In the end this tragedy happened while Jerry was captaining the Conception and he's paying a price, but it could have easily happened to the secondary crew, or on one of the other vessels. There was clearly a shared responsibility for poor practices that made this tragedy possible, and I hope this point is not lost however this turns out.

a-1613667315 Feb 18, 2021 08:55 AM
Conception Boat Captain Pleads Not Guilty in Deadly Fire

ALEX, the content of another comment does not absolve you of your own nasty comment in any way. It was not just CHEM who was put off by your insensitive and irresponsible words. Please drop it.

Alexblue Feb 18, 2021 10:59 AM
Conception Boat Captain Pleads Not Guilty in Deadly Fire

8:55. So how was the comment “nasty”? You don’t like that I think the guy’s life is effectively over and that if that was me I’d kill myself? I’m putting myself in the captain’s shoes. Beyond that, you want to end a conversation by piling in to it and name calling? Let’s be honest, if you really want me to drop it you wouldn’t have jumped in to fan the flames. You want to continue it? By all means, keep trying to scold me.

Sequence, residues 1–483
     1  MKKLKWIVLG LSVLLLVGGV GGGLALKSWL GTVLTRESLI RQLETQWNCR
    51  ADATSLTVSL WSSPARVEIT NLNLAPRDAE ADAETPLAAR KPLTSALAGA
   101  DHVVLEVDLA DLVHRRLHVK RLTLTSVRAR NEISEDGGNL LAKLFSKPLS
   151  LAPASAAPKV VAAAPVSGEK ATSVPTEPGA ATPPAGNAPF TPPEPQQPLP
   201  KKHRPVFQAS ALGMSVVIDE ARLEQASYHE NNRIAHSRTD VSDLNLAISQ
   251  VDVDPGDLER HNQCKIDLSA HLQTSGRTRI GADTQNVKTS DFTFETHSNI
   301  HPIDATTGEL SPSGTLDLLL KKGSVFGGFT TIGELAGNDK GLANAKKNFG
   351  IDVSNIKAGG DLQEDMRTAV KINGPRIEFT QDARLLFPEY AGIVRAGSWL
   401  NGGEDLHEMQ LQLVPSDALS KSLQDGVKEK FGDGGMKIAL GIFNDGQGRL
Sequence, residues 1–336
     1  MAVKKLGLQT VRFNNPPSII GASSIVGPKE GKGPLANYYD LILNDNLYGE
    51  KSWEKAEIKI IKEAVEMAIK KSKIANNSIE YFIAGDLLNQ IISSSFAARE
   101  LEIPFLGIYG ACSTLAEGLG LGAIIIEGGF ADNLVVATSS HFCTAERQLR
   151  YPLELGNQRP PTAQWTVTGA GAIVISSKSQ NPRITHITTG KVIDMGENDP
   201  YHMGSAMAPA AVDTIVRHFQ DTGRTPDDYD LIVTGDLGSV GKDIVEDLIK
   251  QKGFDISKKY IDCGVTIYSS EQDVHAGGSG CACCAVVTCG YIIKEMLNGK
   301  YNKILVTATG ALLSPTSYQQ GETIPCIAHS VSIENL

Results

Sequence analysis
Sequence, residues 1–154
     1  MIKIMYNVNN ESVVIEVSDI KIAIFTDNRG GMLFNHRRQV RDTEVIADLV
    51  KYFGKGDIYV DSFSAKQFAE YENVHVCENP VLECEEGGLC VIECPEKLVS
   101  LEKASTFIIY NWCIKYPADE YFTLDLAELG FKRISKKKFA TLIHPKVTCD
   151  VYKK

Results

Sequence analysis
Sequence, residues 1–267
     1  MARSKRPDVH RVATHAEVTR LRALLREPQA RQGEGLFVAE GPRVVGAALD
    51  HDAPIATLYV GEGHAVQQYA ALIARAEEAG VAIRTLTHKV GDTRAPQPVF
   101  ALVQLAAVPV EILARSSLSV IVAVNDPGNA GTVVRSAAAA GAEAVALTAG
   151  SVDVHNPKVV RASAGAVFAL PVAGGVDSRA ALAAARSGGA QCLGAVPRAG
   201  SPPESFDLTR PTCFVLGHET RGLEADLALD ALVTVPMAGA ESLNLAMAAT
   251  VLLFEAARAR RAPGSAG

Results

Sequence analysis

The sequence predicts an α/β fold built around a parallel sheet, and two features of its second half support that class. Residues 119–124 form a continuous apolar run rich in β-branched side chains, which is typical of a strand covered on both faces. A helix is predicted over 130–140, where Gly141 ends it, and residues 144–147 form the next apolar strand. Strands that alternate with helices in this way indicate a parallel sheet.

Alexblue Feb 19, 2021 04:48 PM
Conception Boat Captain Pleads Not Guilty in Deadly Fire

Hey CSF, gotta say man, you claim that you mentioned the dangerous charging situation to friends and divers many times and you think there was a way to let the company know of this danger—

And apparently you didn’t. Why would you see it, say something to other people and not take five minutes to write your concerns down?

That seems really weird.

ChemicalSuperFreak Feb 19, 2021 06:41 PM
Conception Boat Captain Pleads Not Guilty in Deadly Fire

Alex: Let the company know something they could see with their own eyes? Seriously??? If they hadn't addressed it, how would me complaining help? Maybe you're the type that goes around reporting things to store managers, etc.,---but I don't.

Diving is an inherently dangerous sport. I've seen divers jump into the ocean from the bow anchor (quite a drop) without first inflating their BC to make a rapid descent and save on air---this is against all training. Maybe I should have reported those divers to the captain and owner?

I saw a diver with his knife strapped on the outside of his ankle, rather on the inside---he could get hooked on some kelp. Maybe I should have reported him to the captain and owner?

I knew a diver who didn't use a dive computer, but relied on old-fashioned dive tables---he'd regularly cheat on his surface intervals. Maybe I should have reported him to the captain and owner?